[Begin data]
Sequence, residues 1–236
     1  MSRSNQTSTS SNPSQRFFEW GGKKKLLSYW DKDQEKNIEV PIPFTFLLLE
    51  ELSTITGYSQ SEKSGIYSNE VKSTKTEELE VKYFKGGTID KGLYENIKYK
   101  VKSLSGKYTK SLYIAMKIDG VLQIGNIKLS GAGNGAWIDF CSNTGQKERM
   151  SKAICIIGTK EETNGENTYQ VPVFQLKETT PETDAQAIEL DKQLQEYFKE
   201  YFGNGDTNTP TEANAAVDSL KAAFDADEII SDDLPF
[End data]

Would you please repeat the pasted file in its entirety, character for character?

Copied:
Sequence, residues 1–236
     1  MSRSNQTSTS SNPSQRFFEW GGKKKLLSYW DKDQEKNIEV PIPFTFLLLE
    51  ELSTITGYSQ SEKSGIYSNE VKSTKTEELE VKYFKGGTID KGLYENIKYK
   101  VKSLSGKYTK SLYIAMKIDG VLQIGNIKLS GAGNGAWIDF CSNTGQKERM
   151  SKAICIIGTK EETNGENTYQ VPVFQLKETT PETDAQAIEL DKQLQEYFKE
   201  YFGNGDTNTP TEANAAVDSL KAAFDADEII SDDLPF